Ten Lessons from a cold and snowy day

1) Snowmen make lousy friends. While snowmen rarely talk about themselves and appear to be good listeners, they simply aren’t paying attention. Snowmen frequently give the “cold shoulder” and at the first sign of trouble, when things “get a little hot,” they disappear. (I am not even going to discuss what poor role models snowmen are with the whole “corn cob pipe” thing).

2) Managing slippery roads without snow tires and marriage counseling sessions are similar. I feel the frequent need in both cases to shout from the top of my lungs: “Get a grip!”

3) Shoveling snow from one’s driveway and preaching sermons are similar. Both require a lot of work and will be mostly forgotten in a few months (Months? Who am I kidding? I’ve preached a few stinkers I’ve wanted to forget before I got to the church foyer).

4) Salt melts snow but it doesn’t melt cauliflower. As a child I secretly hoped that sprinkling salt on my veggies would magically make them disappear and melt away. It never happened. Neither does salt melt away bad memories, hurtful words, or a guilty past. For those things, allow the Holy Spirit to work deep within your heart. In case you are wondering, as an adult I’ve discovered to eliminate cauliflower it takes three words: working garbage disposal.

5) You can’t control how cold it is outside. But you can control the warmth of your heart. Don’t get distracted by the things you can’t control. Focus on what you can. Keep your heart warm and close to the flame of God’s love.

6) Nothing stops our Senior Adult’s game day. Our policy is when Carmen-Ainsworth schools are closed we have no activities at the church. That rule does not apply to our Senior Adults’ Game Day. Telling an 85 year old she can’t play Skip-bo, takes a battalion of marines and full body armor for protection. I have neither. Play on, grandma, play on!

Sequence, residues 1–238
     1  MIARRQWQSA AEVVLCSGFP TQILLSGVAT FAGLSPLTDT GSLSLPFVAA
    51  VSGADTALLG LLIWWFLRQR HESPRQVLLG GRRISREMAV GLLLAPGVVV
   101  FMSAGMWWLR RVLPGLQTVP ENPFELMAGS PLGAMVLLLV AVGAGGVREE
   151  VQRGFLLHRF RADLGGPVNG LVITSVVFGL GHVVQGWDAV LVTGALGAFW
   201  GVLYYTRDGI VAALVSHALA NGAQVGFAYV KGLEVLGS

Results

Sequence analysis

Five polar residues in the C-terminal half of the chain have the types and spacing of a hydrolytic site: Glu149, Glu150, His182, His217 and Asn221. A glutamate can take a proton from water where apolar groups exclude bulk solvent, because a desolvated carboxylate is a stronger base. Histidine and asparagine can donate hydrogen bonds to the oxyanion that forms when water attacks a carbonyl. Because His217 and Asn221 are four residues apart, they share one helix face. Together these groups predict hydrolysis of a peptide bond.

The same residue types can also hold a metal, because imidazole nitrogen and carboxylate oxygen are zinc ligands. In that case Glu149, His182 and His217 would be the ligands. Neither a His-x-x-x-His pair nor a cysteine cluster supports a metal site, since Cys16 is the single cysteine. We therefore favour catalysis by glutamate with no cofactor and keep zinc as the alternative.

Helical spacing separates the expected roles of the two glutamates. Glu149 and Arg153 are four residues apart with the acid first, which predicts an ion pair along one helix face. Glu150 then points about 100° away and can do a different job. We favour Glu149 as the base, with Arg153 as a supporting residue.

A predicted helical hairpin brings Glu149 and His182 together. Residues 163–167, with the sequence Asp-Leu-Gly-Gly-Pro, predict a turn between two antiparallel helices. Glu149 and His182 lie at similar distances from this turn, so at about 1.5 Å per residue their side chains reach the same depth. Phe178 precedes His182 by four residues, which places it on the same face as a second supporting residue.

7) Snowball fights are a lot like church fights. A lot of stuff goes flying through the air, and usually someone goes home crying. Let’s avoid anything that ends in the word “fight.”

8) To get a city snowplow to come down your street follow these four easy steps:
1. Clear all snow from your driveway (either by shovel or snow blower),
2. Return to your warm house
3. Remove all of your winter outerwear
4. Sit down in front of a fire with a cup of warm cocoa and a good book.
Within minutes the plow will roar down your street pushing snow back onto your driveway, filling your entrance with now harden chunks of snow and ice.

9) A cold church with a working furnace is a very bad thing. I want to be a part of a church that is on fire for the Lord. A church that warms ice-cold souls and turns lukewarm disciples into white-hot sparks of God’s transformative love!

10) Snowflakes are individual and small but when they stick together they can make a really big difference. That’s a lot like the church too. On our own we can accomplish a little for Christ, but together we can accomplish so much! Let’s keep sticking together!

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